An expensive hobby
It was two weeks after my 18th birthday when I found myself in a rum shack outside the old Kensington Oval in Bridgetown, Barbados. I was on a paradise island, happily supping rum punch whilst singing songs late into the night about Graham Thorpe's batting and Matthew Hoggard's bowling. My England cricket heroes had just wrapped up a three-day victory against West Indies to take the series 3-0, and here I was, right in the thick of the celebrations.
I was instantly hooked. What started as a holiday of a lifetime has turned into an expensive and time-consuming passion. Three separate trips to India, a full Ashes tour, a month in South Africa and Sri Lanka, plus another tour to the Caribbean - my love for watching England play cricket abroad hasn't wavered one bit since celebrating that Hoggard hat-trick back in 2004.
Whether it be several thousand of us celebrating an Ashes series victory in Sydney or just several dozen of us making the stupidly long trip from Chennai to Mohali to watch a re-scheduled Test played out in wintery fog, watching England is always great fun.
It's not always just about the cricket. Every tour gives the chance to visit some places that without cricket I might never have done. New Year's Day on top of Table Mountain in Cape Town, Pinnawala Elephant Orphanage in Sri Lanka, a ferry ride through Sydney harbour. All of these experiences are bonuses of watching international cricket.
Getting away from the tourist traps and glamorous destinations is just as fun though. Cricket gives the chance to visit some seriously remote places the average traveller wouldn't dream of visiting. Earlier this year I found myself in Nagpur to watch England's opening game of the World Cup. To be met with warm smiles, handshakes and cries of "Welcome to Nagpur!" from random shopkeepers and tuk-tuk drivers whilst exploring the city's streets will stay with me forever.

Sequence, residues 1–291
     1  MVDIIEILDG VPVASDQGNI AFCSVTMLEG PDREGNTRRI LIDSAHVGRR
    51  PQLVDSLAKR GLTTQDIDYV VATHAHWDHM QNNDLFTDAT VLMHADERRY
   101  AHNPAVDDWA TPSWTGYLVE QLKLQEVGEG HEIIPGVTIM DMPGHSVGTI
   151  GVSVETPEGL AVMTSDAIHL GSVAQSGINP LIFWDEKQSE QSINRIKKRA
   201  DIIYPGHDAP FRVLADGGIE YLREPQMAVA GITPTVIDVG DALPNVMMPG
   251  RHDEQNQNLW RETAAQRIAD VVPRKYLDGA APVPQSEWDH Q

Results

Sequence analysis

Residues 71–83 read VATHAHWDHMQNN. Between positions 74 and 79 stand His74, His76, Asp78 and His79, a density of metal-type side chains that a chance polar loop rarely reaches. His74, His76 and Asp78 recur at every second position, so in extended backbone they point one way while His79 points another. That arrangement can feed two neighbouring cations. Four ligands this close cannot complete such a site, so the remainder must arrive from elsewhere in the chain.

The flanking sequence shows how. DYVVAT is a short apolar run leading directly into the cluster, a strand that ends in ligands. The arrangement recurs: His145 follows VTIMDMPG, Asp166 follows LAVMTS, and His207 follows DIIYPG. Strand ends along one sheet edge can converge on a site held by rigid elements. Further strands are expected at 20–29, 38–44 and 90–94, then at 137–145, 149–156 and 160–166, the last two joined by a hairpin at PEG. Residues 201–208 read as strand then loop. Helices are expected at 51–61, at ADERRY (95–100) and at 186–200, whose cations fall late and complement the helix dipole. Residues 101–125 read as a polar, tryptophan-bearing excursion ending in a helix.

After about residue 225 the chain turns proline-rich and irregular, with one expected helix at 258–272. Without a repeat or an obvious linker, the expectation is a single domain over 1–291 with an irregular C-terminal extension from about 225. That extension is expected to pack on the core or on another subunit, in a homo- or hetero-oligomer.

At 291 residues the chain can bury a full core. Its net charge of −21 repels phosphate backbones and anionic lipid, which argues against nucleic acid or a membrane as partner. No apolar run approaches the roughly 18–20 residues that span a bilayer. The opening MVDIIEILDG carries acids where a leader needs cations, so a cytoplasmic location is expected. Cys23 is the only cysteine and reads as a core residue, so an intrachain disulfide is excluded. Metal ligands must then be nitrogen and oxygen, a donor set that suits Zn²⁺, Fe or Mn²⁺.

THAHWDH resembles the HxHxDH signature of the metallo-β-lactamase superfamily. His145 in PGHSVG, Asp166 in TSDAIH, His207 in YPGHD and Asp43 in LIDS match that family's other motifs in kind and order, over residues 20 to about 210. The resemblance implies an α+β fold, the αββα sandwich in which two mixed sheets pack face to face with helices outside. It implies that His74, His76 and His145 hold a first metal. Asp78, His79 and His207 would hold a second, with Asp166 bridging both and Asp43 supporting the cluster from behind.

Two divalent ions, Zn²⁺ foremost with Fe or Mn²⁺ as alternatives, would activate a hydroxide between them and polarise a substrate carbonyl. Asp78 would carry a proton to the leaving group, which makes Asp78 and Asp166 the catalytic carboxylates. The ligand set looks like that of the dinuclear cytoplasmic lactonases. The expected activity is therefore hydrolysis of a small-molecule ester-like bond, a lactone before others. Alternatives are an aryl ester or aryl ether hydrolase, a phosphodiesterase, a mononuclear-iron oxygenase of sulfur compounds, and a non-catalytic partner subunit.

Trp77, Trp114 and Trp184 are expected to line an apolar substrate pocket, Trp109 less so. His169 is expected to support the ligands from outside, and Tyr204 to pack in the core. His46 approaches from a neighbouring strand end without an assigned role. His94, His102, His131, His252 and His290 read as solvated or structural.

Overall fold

The last time England played a Test in a new country was way back in 2003. The Bangabandhu National Stadium in Dhaka, Bangladesh, was the setting for an England side, containing the likes of Rikki Clarke and former captain Nasser Hussain, which limped to a seven-wicket win against a fledgling Bangladeshi Test side. Fast forward eight years and the new world No. 1 Test side is preparing to play a three-match series against Pakistan in the United Arab Emirates.
On paper Abu Dhabi and Dubai don't quite capture the imagination in the same way a week in Multan or Faisalabad does. There will be no tuk-tuk journeys, there will be no street food curries and there definitely won't be any horses and carts to avoid whilst crossing the road! But a trip to the Middle East, spending a few dirhams watching the world's best sport is still a pretty awesome way to start a New Year.
For now, it's time to forget where we could be playing and start preparing for the tour. I can't wait to touch down in cricket's newest destination and tell you all about it.
Richard Kemp is in the UAE on his ninth cricket tour with the England side. Since his first tour in 2004, his love for the game has made him max out several credit cards visiting five Test-playing nations, including three tours of India and all five of last winter's Ashes Test matches. He keeps a travel blog of his journeys here